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The 'slum' concept originated as a descriptor for trans-class, or urban majority, environments in and around which people of different social levels lived in close proximity to each other. This article reappraises the concept’s emergence in physically aging neighborhoods of London between the City of London and Westminster from the 1820s to the 1850s, within which a stage of rediscovery and reapplication of the word after the late 1830s has so far been overlooked. It focuses on a discursive shift in which a word borrowed from low-life slang became part of the accepted vocabulary for urban areas judged undesirable. Early identifications of sites labeled as slums in the St Giles district of London were by writers and visual artists who themselves lived and worked nearby. Several alternative words including 'rookery', 'court', and 'Alsatia' were used in the effort to label a place zone previously unrecognized. The article traces these lexical changes with their consequences for how urban semantics became fixed through case studies from journalistic and political rhetoric, and from the imaginative fiction of Charles Dickens and William Makepeace Thackeray which in the 1840s and 1850s viewed the area of the word’s coinage with a degree of nostalgia.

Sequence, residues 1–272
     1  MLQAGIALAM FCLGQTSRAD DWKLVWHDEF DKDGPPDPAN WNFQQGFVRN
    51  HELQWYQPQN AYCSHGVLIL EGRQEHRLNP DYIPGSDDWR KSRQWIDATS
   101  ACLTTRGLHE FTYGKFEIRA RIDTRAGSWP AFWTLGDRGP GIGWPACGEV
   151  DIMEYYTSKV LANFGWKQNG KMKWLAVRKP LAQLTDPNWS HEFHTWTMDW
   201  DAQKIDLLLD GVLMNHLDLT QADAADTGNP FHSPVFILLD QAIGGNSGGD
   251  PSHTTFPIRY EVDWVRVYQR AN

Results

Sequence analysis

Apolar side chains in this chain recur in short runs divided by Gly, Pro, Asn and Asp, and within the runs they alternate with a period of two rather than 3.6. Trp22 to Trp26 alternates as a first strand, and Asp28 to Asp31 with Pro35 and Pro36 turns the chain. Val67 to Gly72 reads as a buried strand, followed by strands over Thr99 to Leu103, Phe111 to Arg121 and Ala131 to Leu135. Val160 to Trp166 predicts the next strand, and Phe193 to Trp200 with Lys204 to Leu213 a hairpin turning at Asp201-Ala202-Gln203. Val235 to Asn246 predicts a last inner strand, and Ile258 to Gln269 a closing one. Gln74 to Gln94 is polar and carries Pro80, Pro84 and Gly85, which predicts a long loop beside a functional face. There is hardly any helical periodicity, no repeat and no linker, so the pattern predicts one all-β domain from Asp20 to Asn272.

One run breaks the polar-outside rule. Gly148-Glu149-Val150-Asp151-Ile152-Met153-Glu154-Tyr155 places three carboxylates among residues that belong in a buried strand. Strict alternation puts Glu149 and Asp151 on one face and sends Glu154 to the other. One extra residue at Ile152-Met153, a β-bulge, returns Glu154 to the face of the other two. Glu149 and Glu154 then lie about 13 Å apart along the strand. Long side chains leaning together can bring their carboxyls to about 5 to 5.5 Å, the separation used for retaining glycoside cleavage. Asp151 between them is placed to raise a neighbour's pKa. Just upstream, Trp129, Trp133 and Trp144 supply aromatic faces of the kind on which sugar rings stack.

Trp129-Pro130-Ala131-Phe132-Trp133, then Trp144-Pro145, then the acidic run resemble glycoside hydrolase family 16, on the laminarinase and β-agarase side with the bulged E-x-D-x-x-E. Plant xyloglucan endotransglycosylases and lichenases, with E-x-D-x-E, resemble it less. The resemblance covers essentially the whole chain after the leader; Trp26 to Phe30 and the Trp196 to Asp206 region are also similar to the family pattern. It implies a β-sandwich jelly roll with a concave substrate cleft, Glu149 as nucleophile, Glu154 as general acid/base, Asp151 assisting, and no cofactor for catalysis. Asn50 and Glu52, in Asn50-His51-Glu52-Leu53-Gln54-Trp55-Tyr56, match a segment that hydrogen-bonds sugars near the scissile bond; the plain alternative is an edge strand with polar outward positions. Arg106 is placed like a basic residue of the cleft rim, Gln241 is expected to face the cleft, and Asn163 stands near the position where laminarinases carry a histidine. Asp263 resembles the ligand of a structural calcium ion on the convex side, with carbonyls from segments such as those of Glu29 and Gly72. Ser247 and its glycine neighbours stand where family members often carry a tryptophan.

|Tidskrift||Journal of Urban History|
|Status||Publicerad - 1 dec. 2022|
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- 1 Slutfört
The Discursive Construction of the 'London Slum' 1820-1960: A Literary History
01/08/12 → 31/07/15
Projekt: FA/Övriga Forskningsråd